Dolan Morgan launched his debut collection of short stories That’s When the Knives Come Down at WORD bookstore in Greenpoint, Brooklyn. Joining him were B.C. Edwards and Chelsea Hodson. He gave out plastic knives to the crowd–a nod to the title of the collection–and brought with him vodka infused with the pages of his collection.
Before the event began, Morgan’s mother explained that when he was younger, Morgan said to her, “I have a hard time calling myself a writer,” and she quipped back that a good first step would be calling himself one. Morgan read a selection from the second story in the collection, “Euclid’s Postulates.”
He began writing the oldest stories in the collection back in 2007 while finishing the last of them a little over a year ago. He explains that he had originally mapped out a vision for the collection, but he felt it didn’t quite work conceptually, meaning that over the last seven years, the collection has evolved from significantly from his original plan. Now he says if there is an over arching theme, it would be about the idea of nothingness.
“I have a lot of strong feelings about scams,” he says, describing his interest in the spam emails he receives in his email inbox. He finds the writing of these kinds of messages fascinating–someone is sitting there creating this content and distributing it to the world. He enjoys replying to the scammers. The production of the scam is what interests him, though. Someone is concocting the schemes and other people are convinced of their authenticity, all based on the hope of taking money.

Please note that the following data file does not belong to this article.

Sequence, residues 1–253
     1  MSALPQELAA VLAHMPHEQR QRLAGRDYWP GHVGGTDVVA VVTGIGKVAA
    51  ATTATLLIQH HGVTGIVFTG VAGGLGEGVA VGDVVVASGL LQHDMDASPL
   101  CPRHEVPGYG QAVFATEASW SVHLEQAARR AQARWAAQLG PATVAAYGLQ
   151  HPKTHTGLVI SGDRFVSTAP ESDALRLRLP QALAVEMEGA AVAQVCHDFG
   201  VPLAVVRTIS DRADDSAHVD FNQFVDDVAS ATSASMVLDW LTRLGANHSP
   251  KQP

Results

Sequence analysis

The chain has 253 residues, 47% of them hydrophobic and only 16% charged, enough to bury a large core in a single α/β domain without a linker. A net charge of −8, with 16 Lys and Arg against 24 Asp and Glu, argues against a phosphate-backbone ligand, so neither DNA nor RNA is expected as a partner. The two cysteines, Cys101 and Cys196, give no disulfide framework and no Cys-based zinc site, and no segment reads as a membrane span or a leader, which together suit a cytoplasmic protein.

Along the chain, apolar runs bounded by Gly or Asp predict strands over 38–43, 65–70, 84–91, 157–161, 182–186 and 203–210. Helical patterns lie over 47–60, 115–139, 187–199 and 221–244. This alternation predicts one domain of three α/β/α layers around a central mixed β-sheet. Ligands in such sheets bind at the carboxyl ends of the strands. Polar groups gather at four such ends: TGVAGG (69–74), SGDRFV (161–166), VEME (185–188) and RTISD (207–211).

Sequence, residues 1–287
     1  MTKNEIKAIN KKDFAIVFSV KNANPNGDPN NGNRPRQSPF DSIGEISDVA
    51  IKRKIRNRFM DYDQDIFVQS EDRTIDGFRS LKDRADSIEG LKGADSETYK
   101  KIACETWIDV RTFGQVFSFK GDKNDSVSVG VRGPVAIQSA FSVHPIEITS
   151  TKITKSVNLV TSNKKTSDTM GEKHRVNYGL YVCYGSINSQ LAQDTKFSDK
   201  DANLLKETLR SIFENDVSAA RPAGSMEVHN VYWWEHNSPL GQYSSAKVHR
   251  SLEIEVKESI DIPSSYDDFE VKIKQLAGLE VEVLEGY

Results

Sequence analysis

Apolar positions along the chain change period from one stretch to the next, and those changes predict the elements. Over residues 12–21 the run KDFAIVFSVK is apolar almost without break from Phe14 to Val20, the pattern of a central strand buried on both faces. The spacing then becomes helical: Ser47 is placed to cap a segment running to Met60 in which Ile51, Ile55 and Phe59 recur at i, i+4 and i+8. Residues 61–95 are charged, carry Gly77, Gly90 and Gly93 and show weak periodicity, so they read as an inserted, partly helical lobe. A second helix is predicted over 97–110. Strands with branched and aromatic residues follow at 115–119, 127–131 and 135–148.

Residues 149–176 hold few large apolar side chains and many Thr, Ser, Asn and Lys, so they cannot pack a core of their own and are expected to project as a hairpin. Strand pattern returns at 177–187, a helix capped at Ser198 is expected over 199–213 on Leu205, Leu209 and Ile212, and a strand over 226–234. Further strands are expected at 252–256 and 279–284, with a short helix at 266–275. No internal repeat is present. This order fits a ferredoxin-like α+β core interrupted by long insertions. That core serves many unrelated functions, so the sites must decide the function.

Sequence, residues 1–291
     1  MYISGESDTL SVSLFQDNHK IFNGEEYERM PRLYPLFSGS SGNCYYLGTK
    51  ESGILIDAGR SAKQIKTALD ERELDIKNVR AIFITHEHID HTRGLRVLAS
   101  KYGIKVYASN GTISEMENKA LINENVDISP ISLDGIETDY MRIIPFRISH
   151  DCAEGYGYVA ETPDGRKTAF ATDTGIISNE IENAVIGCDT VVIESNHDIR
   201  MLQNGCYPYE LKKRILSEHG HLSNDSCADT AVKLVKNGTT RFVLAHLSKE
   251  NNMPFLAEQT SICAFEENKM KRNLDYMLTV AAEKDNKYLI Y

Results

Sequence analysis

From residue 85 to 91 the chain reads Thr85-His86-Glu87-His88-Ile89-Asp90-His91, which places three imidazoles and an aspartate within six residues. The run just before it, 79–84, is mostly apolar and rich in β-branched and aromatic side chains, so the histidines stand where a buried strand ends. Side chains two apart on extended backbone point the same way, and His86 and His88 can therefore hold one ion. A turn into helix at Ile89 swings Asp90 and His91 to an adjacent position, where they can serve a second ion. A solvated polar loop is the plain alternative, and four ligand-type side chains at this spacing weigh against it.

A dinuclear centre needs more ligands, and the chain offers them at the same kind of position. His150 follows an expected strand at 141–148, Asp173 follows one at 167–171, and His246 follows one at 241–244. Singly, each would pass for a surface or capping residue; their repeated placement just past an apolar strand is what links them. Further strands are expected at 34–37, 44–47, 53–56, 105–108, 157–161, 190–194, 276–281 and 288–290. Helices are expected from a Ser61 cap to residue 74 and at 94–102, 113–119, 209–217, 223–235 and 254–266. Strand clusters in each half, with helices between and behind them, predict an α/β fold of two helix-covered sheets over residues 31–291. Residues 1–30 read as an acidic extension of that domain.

“I’m fascinated by bureaucracy in general,” he says. He sees the scam emails as a kind of bureaucracy, an administrative task to swindle money from people.
While a freshman in college, he realized that the phone line in his room was connected to a stranger’s house line. He could hear the family talking on the line sometimes, and often be prevented from making a call. But he also never got billed for long distance service. He eventually started talking to a Nigerian scammer, and for about a week the two of them talked on the phone regularly. “He liked me,” Morgan says. His phone liaisons were ruined though when the owner of the phone line came on.
One thing Morgan likes to incorporate into his writing is math. “I don’t see enough math in literature,” he explains. He doesn’t see the two subjects as inconsistent. “There should be more marriage between math and literature.”
When it comes to process, Morgan has spends plenty of time planning, but then ends up ignoring it. “I do a lot of planning and then don’t follow the plan.”
B.C. Edwards chimes to explain a similar style he employs. He describes it as if he is building a playground and then doesn’t bother playing with it, instead choosing to dig a whole next to the playground he just built.
A normal process for writers creating characters about odd professions includes interviewing people in the trade. Morgan did the process backwards, first writing about the profession, and then asking professionals about their careers. He insists he got most of the details right.